Yesterday the weather-man said that we’d have a frosty misty morning – and we did. He also said that the mist would clear and that we’d have some bright sunshine later in the day – and we did.
Jojo and I were out walking in that bright sunshine. We’d been here and there (dreaming of a better life and what it might look like) and now we were walking along the avenue of beautiful lime trees on the southern edge of the park. We’d passed three tubby ladies and their dog. The dog was an average kind of dog – the kind you’d find anywhere. He was called ‘Horace’. Then we’d seen Horace completely lose his rag and bark furiously at a squirrel high up in one of the lime trees. The squirrel had the brass neck (from Horace’s point of view) to chatter back at him. Then the squirrel dropped some husks of nuts down onto Horace and Horace went completely berserk. The tubby ladies shouted out: ‘For goodness sake, stop that Horace – it gets you nowhere.’ They had to backtrack and drag Horace off home.
We moved on and then, up ahead of us, we saw an old lady. She was as light and slender as a pixie and she had real style. Maybe it was all about her shoes: they were red and had creamy white souls. Or maybe it was her cream-coloured leather gloves, gloves that matched the souls of her shoes. Or maybe it was her hair – an angel’s kiss in the bright sunlight.
When she saw Jojo she stopped and cried out in delight. They knew each other.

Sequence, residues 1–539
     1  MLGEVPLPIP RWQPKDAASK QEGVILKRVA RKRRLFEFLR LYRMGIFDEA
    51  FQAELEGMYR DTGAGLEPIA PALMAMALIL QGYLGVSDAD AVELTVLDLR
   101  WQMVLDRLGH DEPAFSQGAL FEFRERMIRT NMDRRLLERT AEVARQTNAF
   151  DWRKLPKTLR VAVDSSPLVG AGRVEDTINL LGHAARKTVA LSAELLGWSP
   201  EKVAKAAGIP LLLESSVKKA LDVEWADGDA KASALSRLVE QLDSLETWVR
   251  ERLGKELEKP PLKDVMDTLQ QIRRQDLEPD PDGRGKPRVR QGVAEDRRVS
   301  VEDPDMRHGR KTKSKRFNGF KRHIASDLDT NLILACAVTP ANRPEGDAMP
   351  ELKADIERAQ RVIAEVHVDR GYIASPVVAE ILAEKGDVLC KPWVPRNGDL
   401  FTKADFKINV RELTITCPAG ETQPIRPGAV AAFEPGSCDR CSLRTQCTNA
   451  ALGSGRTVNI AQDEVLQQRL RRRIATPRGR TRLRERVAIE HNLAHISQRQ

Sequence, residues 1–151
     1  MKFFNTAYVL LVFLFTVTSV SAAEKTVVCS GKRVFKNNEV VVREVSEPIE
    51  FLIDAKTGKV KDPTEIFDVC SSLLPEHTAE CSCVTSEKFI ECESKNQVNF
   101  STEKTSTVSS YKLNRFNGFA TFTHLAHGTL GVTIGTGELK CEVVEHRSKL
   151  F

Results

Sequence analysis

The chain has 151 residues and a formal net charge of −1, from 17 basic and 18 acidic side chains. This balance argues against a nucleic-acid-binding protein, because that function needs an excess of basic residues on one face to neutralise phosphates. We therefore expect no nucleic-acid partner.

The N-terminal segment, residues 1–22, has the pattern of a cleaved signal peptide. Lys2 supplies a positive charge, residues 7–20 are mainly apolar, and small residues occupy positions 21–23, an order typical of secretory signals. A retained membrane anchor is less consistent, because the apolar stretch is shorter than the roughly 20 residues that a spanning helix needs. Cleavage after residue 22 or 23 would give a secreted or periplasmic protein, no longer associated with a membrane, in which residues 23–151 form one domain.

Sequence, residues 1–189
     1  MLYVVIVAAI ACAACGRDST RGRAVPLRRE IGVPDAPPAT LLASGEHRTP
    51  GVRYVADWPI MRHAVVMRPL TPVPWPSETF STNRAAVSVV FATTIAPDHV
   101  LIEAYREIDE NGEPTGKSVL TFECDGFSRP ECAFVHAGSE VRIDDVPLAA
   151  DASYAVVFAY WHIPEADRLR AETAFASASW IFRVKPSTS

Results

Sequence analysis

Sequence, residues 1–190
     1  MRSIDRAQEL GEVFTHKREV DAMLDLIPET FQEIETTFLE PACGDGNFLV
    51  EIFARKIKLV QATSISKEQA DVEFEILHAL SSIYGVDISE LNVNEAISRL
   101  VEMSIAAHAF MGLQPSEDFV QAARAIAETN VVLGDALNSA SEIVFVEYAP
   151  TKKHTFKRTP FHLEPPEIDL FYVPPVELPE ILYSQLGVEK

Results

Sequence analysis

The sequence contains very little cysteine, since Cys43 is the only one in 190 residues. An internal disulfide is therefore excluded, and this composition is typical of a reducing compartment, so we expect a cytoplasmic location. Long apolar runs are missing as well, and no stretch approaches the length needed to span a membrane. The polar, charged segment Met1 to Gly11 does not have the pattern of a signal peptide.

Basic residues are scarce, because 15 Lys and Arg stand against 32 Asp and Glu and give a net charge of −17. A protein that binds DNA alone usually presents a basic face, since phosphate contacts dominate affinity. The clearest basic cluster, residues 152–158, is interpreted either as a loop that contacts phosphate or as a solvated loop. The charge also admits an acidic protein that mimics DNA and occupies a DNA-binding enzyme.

And so began a conversation. It wasn’t the usual kind of conversation: it all took place in French. For this was ‘Madame Ladbury.’ And Madame Ladbury – an old English woman – was a real bijou of a person. She might not have spoken French for ages but she was determined to find her words and assemble her sentences. Madame Ladbury first told us where she was now living. Then she talked about the precarious state of her offspring; she told us how she was soon to be a great grandmother. She reflected on her most recent visit to Paris – and as she searched for her words she would hold her head in a gorgeous gesture of cultured despair. And when Jojo asked her about how one of her daughters was faring – she looked imploringly to the heavens – and said (in French) ‘Oh, it’s dreadful.’* We didn’t get any more details. But we didn’t need them because whatever Madame Ladbury said was like a sparkle of diamonds on black velvet.
When it was time to go, Madame Ladbury held my hand. I could feel the softness of her leather gloves and the strangely seductive press of her tiny fingers through the leather. She held my hand for ages. I didn’t want her to let go. But she did.
Later, Jojo told me about Madame Ladbury. ‘She was in my French class a few years ago. She’s a real character.’
‘Yes,’ I said, ‘She’s perfect.’
And as we walked I home thought about that special charm of the old-style gracefully eccentric English.
* Note: She said: ‘C’est epouvantable.’